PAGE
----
Endocrine Abstracts (2009) 20 P204

The variability of clinical presentation of multiple endocrine neoplasia syndrome type 1 as the reason of the underestimated diagnosis

Elwira Elwira, Alicja Hubalewska-Dydejczyk, Dorota Pach, Sylwia Kuniarzz & Marta Tracz

Chair and Department of Endocrinology, Collegium Medicum, Jagiellonian University, Kraków, Poland.

Introduction: Multiple endocrine neoplasia (MEN) is a rare disease. Apart from the well recognised MEN2 syndrome the MEN1 is less common diagnosed. The MEN1 gene is localised on the 11q13 chromosome and encodes menin. There is no simple definition of MEN1 syndrome because of heterogenous combination over 20 different endocrine and non-endocrine tumours. According to the Gubbio consensus, MEN1 is diagnosed by the occurrence of two of the three main MEN1-related endocrine tumours: parathyroid adenomas, enteropancreatic tumours (GEP) and pituitary tumours (‘3P’) independently from different endocrine and non-endocrine tumours in the same patient. It seems to be over-simplified definition leads to MEN1 incidence being underestimated.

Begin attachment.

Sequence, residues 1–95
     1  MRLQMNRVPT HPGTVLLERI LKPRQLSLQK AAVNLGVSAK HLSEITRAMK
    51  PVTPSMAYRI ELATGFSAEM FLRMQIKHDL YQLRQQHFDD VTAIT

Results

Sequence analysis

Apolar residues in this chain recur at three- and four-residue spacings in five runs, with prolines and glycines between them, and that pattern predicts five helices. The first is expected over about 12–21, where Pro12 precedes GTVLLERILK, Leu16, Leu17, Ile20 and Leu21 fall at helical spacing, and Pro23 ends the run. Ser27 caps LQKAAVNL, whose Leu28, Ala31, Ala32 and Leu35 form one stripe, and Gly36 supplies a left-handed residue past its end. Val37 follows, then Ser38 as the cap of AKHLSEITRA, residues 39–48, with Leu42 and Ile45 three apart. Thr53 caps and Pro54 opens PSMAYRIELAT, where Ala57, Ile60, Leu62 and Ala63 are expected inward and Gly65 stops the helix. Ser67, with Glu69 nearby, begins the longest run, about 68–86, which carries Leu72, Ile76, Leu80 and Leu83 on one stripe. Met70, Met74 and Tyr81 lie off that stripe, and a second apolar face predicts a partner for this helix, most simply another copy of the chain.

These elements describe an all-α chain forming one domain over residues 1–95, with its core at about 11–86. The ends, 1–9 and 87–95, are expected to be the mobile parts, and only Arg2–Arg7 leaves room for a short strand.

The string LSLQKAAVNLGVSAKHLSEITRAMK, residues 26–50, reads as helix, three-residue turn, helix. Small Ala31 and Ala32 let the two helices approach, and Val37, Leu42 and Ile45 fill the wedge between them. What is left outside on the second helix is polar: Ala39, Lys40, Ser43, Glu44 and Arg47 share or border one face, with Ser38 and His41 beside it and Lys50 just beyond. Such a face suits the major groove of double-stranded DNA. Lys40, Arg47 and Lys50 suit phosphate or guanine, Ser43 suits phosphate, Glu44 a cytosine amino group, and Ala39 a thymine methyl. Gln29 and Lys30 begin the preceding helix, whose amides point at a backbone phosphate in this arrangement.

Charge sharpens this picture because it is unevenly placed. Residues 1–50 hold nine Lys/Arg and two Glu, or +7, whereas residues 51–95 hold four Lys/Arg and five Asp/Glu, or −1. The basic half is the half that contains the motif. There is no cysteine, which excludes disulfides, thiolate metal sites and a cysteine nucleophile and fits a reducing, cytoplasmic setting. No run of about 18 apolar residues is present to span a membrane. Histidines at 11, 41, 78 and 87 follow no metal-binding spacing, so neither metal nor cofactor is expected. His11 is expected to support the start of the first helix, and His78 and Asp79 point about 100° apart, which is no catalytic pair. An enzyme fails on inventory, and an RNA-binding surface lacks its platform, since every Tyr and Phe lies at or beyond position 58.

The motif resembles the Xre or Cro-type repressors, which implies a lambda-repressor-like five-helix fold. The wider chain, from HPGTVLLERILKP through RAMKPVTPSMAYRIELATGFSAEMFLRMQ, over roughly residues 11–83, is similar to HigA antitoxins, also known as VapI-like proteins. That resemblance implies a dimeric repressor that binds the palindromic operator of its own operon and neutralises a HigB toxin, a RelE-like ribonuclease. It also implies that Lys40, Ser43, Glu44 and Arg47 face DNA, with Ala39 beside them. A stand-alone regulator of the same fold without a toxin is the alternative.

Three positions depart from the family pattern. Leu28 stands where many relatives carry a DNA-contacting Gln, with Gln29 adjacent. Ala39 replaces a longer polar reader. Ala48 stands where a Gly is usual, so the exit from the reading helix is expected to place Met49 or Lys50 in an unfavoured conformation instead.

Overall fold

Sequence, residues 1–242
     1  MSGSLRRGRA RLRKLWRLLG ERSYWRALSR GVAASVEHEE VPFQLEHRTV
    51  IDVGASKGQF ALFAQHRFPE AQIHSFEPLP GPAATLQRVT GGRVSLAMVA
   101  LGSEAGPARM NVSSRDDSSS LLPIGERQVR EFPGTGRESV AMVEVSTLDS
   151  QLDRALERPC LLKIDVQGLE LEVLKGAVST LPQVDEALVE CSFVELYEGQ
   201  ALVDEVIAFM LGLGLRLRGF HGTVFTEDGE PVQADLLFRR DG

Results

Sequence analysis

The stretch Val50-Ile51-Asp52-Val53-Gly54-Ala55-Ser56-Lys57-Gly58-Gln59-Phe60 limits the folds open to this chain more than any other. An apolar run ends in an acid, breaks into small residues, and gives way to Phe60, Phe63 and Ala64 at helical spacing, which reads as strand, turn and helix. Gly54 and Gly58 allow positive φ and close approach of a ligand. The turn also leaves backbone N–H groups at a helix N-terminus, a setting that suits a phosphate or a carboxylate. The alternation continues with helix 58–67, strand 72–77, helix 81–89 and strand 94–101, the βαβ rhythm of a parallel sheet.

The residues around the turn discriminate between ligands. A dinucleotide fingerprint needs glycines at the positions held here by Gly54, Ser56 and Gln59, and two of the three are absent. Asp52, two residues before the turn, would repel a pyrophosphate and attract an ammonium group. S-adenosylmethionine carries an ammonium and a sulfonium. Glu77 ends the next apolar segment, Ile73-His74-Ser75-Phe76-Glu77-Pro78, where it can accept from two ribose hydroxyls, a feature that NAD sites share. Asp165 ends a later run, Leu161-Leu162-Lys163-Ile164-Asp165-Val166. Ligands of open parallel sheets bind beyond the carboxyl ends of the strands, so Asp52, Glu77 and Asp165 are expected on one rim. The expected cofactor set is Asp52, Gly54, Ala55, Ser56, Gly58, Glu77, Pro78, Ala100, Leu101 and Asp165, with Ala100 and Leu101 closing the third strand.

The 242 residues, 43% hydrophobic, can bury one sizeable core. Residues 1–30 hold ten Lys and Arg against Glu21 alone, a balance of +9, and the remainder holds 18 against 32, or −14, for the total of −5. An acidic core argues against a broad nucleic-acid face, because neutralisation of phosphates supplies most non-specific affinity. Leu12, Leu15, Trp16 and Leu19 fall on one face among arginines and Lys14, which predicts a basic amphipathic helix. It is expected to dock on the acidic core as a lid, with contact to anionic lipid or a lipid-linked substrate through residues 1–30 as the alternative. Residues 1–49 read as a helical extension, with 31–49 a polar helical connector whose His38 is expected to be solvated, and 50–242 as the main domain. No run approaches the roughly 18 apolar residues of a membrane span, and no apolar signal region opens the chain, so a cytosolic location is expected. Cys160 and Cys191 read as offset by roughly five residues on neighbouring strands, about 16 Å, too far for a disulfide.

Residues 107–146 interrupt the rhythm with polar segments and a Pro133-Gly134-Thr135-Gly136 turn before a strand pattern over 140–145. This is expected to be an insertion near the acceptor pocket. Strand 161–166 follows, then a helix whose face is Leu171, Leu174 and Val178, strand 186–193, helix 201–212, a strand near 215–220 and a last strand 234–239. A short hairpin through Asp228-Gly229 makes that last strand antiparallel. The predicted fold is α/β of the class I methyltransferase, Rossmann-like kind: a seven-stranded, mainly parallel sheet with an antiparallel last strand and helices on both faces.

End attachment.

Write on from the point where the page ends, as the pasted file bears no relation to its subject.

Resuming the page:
Materials and methods: Over the years 1994-2008, 42 cases (11 males and 31 females) of MEN (non MEN2) syndrome were diagnosed at our Department of Endocrinology. Hormone tests, and imaging (USG, CT, MRI, SRS) were carried out in all patients.

Results: The most common pathology was parathyroid adenoma or hyperplasia (26 patients) and pituitary adenoma (26 patients: 4 somatotropic, 4 lactotropic and 18 non-secretory). GEP tumours were diagnosed in 16 patients: in 2 patients glucagonoma, in 3 gastrinoma, in 2 somatostatinoma in 7 serotoninoma and in 2 patients non-secretory tumours. In 14 patients (4 males and10 females) of mean age 49.8±14 years ‘classic’ MEN1 was diagnosed. Three patients mean age 56±12 years had three tumours of the main glands. The others 16 patients (7 male and 22 females) mean age 52±9 years, had only one main MEN1-related tumour and other less essential, but connected with MEN1, abnormalities. The last group of 6 patients mean age 47.3±8 years had no main MEN1- related tumours but had adrenal tumours (pheochromocytoma, adenoma or adrenal carcinoma) and adenoma or thyroid carcinoma.

Conclusions: (1) Variability of the clinical presentation of MEN1 syndrome and variability of occurrence at different times, lead to underestimation of MEN1 incidence; (2) better specification of criteria for diagnosing the MEN1 syndrome need to be urgently established; (3) long-term observation of MEN1 patients may increase the number of cases established and decrease mortality due to tumour progression to malignancies.

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